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Replacing a Kendama String
After getting many questions on this topic, we realized that our original explanation of how to replace a kendama string was not completely clear. We went to the source to find out how it is done, and we present the results in the video below.
Below is our original knot tying article.
How to Tie a Kendama String Knot
Although any sufficiently chunky and secure knot will do, and you can just tie the string around the bead if you want, the official kendamas use a special sort of slip knot to secure the string to the bead and sarado.
You'll need to know how to tie a kendama knot when you replace or shorten your string, or if you need to change the kendama from a right-handed kendama to a left-handed kendama. The big cup (oozara) should point towards your body when the string is held in your dominant hand and the string is hanging straight down without wrapping over the ken/sarado.
Replacing or Adjusting a Kendama String
We don’t know the real name of this knot, but it’s how they tie the knots at the ends of strings on kendamas. It’s a slip knot, in that if you pull the short end the loop will come out and the knot will untie, but it will not untie simply by pulling the long end,which is where the pressure comes during kendama play.
The trick is in tightening the part that in our illustration is the right-hand loop around the pencil. This should be cinched tight before the overall knot is tightened from both ends. A certain amount of adjustment and tweaking is necessary. (Once you get the hang of this, you don’t have to use a pencil to tie it. And of course, remove the pencil before using the kendama!)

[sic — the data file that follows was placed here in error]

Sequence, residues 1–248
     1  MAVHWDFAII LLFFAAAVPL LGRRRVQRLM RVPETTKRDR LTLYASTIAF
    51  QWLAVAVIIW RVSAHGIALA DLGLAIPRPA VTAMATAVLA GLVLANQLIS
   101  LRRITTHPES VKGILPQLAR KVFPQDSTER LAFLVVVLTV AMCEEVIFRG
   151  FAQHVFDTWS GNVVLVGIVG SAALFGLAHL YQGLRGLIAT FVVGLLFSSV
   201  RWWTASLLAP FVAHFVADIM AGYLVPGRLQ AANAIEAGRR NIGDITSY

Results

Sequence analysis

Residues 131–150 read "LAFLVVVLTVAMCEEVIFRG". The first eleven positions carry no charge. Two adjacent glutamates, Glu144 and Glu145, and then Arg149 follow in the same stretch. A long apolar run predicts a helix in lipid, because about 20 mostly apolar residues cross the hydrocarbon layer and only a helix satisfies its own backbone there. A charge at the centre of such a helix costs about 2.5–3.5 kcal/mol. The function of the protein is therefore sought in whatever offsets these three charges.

The knot can be stiffened and strengthend by dabbing just a smidgeon of white paper glue on your fingers and squeezing the knot with them. You can then trim the stray string to a short length, perhaps 5 mm.
Other knots may also work. If you know your knots, go ahead and try something else.
Kendama String Length
The minimum JKA approved length for an installed kendama string, from ball to string hole in the sarado, is 38 cm (15 inches), 35 cm for junior players (13-3/4 inches). Most players use strings of 39 to 42 cm (15-1/4 to 16-1/2 inches). Anything longer than that is harder to perform tricks with.
Warning: During tricks like the furiken the kendama ball can generate considerable centrifugal force. Test your knot and examine it frequently in the period after you tie it to ensure that it is holding. Kendama, Inc., cannot be responsible for any damage or injury caused by a mistied knot.